In the following examples:

A: Would you know if a shop was a woman's or man's only by looking at the clothes?

B. Would you know if a shop was a woman's or man's by only looking at the clothes?

Is there a difference in meaning? If so, what is it? Which is preferred (i.e. 'more correct')?

  • From Garner's Modern American Usage 3rd Ed: Only is perhaps the most frequently misplaced of all English words. Its best placement is precisely before the words intended to be limited. The more words separating only from its correct position, the more awkward the sentence; and such a separation can lead to ambiguities. Yet the strong tendency in AmE is to stick only right before the verb or verb phrase regardless of the illogic. Apr 28, 2019 at 11:47
  • I think those two senteces put emphasis on two different parts. One on the knowing process the other on the tool for knowing process! I am a learner though!
    – Cardinal
    Apr 28, 2019 at 14:34

2 Answers 2


Their meaning is usually the same, and both are equally natural. You can also say "by looking only at the clothes" and "by looking at only the clothes", and those are also natural.

The meanings can be different, because phrases with only are often syntactically ambiguous: only could apply to more than one part of the sentence, so it's not clear which part is in question. Only usually applies to the first thing after it, but it can also apply to the last thing before it instead:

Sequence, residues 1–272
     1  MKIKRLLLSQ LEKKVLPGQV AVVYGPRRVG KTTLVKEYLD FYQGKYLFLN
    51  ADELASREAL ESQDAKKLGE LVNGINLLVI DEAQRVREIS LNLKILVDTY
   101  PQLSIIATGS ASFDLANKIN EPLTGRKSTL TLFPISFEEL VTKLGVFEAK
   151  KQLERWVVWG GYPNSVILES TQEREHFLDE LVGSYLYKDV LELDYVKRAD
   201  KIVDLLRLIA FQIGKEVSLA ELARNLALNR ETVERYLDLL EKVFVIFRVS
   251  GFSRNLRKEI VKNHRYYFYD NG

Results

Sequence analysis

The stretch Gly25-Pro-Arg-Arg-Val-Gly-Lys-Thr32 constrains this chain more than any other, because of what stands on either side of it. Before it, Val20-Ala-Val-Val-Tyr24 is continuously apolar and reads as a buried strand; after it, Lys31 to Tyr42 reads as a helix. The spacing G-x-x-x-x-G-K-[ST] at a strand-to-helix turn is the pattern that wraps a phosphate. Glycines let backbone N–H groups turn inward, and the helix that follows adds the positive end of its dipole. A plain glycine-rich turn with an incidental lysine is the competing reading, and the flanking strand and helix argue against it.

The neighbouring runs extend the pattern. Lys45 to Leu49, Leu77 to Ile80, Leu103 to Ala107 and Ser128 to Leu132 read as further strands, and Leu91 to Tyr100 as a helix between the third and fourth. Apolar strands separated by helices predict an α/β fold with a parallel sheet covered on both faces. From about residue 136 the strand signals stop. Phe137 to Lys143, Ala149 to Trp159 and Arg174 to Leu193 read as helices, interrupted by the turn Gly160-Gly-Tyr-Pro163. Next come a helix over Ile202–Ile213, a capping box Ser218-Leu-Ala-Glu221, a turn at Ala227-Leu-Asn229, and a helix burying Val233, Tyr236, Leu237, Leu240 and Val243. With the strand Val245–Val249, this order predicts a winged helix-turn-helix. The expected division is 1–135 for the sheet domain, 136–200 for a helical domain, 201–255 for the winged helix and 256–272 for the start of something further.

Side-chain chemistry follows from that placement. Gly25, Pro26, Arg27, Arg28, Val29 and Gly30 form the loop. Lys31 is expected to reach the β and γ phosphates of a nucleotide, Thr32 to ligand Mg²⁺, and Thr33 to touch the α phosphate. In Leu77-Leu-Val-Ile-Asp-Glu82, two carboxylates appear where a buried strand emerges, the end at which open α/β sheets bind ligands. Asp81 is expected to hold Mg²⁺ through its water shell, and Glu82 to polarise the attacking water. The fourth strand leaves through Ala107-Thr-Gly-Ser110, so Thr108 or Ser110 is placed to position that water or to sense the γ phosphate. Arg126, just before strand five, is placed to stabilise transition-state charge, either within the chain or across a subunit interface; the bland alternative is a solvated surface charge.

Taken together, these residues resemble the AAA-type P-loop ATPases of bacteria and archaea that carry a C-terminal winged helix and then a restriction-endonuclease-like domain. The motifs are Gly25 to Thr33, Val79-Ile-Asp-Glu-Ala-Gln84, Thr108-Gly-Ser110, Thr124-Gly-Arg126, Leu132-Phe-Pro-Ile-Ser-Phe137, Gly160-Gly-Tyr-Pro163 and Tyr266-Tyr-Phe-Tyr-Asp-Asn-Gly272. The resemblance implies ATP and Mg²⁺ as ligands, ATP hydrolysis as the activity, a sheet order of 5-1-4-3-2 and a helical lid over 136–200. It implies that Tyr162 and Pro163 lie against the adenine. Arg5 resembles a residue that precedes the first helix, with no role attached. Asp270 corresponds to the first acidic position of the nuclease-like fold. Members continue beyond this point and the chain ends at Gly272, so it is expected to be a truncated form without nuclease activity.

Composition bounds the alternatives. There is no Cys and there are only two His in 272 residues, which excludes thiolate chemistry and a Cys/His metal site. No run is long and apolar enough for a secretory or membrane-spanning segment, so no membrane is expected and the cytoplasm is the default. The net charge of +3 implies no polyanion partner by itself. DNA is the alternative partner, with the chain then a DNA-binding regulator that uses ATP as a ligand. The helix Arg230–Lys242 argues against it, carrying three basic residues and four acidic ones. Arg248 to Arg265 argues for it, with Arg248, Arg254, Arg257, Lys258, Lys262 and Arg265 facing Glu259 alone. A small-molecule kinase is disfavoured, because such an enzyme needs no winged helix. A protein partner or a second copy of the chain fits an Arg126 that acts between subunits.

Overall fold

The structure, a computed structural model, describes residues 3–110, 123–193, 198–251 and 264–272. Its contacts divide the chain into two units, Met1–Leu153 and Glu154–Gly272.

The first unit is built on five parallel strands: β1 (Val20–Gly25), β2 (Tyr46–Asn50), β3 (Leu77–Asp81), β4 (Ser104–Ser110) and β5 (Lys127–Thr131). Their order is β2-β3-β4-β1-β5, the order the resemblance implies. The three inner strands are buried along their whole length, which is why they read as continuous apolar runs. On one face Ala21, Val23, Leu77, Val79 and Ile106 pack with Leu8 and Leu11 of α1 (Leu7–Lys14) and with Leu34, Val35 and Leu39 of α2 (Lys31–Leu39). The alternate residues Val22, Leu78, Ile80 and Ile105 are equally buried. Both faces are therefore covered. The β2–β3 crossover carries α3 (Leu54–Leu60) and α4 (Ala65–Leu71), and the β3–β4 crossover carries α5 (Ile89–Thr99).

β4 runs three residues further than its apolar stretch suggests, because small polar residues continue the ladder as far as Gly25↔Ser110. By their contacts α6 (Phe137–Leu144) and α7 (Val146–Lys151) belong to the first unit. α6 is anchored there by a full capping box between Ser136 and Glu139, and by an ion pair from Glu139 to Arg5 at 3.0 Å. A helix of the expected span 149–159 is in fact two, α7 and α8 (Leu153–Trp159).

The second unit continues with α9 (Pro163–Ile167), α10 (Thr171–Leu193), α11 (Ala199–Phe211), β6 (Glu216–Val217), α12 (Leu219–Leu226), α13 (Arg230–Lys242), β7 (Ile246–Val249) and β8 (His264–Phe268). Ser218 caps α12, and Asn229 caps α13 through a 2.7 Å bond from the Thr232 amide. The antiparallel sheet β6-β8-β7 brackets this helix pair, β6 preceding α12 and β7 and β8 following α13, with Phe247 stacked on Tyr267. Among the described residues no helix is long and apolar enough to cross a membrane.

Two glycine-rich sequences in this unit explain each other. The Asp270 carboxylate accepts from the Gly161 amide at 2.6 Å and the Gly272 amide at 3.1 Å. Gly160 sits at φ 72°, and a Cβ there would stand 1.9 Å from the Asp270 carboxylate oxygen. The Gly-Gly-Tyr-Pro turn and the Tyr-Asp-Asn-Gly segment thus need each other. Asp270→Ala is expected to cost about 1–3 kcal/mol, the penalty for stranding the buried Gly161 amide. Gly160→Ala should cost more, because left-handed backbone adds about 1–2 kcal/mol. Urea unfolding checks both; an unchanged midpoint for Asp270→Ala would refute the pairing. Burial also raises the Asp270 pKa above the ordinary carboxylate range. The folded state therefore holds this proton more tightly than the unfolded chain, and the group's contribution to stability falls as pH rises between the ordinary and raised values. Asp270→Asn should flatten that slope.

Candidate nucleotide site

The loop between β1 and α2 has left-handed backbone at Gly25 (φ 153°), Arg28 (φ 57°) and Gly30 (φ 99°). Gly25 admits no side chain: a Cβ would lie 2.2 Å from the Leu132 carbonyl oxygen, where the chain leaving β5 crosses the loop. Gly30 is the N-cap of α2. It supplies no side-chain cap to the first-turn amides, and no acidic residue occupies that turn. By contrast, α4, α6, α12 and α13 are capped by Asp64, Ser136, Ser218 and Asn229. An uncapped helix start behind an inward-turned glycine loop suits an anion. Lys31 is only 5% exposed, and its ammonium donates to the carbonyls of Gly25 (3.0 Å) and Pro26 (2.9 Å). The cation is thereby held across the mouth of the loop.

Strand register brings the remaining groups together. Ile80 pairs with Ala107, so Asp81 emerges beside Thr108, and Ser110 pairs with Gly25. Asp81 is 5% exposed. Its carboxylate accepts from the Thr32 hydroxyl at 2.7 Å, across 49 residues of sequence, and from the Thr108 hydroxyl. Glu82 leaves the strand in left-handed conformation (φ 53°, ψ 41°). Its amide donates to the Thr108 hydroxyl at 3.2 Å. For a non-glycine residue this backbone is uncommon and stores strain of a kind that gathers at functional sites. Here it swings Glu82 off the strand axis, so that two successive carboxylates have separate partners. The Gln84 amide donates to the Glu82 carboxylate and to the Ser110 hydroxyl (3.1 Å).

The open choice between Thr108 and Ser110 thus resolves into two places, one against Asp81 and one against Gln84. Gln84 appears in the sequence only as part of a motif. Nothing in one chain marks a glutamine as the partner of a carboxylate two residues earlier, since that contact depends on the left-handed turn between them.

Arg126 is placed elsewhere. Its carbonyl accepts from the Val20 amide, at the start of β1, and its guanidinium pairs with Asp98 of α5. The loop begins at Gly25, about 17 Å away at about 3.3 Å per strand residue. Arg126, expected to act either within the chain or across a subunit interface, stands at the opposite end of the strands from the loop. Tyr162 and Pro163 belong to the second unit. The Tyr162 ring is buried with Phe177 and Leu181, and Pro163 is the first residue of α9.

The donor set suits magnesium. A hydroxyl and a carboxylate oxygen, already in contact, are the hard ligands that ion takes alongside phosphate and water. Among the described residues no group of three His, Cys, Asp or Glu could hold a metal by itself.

• "Would you know if a shop was a woman's or man's only by looking at the clothes?" could be "... (a woman's or man's only) by looking..." or "... (only by looking ...)".
  • "by only looking..." could be "by (only looking) ..." or "by only (looking at ...)": the first specifies looking, not looking plus something else (touching?); the second specifies looking at the clothes, not something else.
  • "...by looking only at the clothes" is presumably "by looking (only at the clothes)", but it could also be "by (looking only) at the clothes".
  • "...by looking at only the clothes" is unambiguous.

This sounds hopelessly ambiguous, but often the difference doesn't matter, or only one interpretation makes sense. In this sentence, only (looking at the clothes) is the most likely interpretation, so the ambiguity isn't a problem.

(However, "...by looking at the only clothes" means something very different: it implies that there aren't any other clothes, and that this is noteworthy. (Maybe you expected more clothes. So this won't work for this sentence.)


The rule is: You should place 'only' as close as possible to the word you want to limit. In Example (A) , 'only' can mean that the shop is only for men or women. In Example (B), 'only' means you are concluding by looking only, not by anything else. So it depends on what meaning you want to convey.

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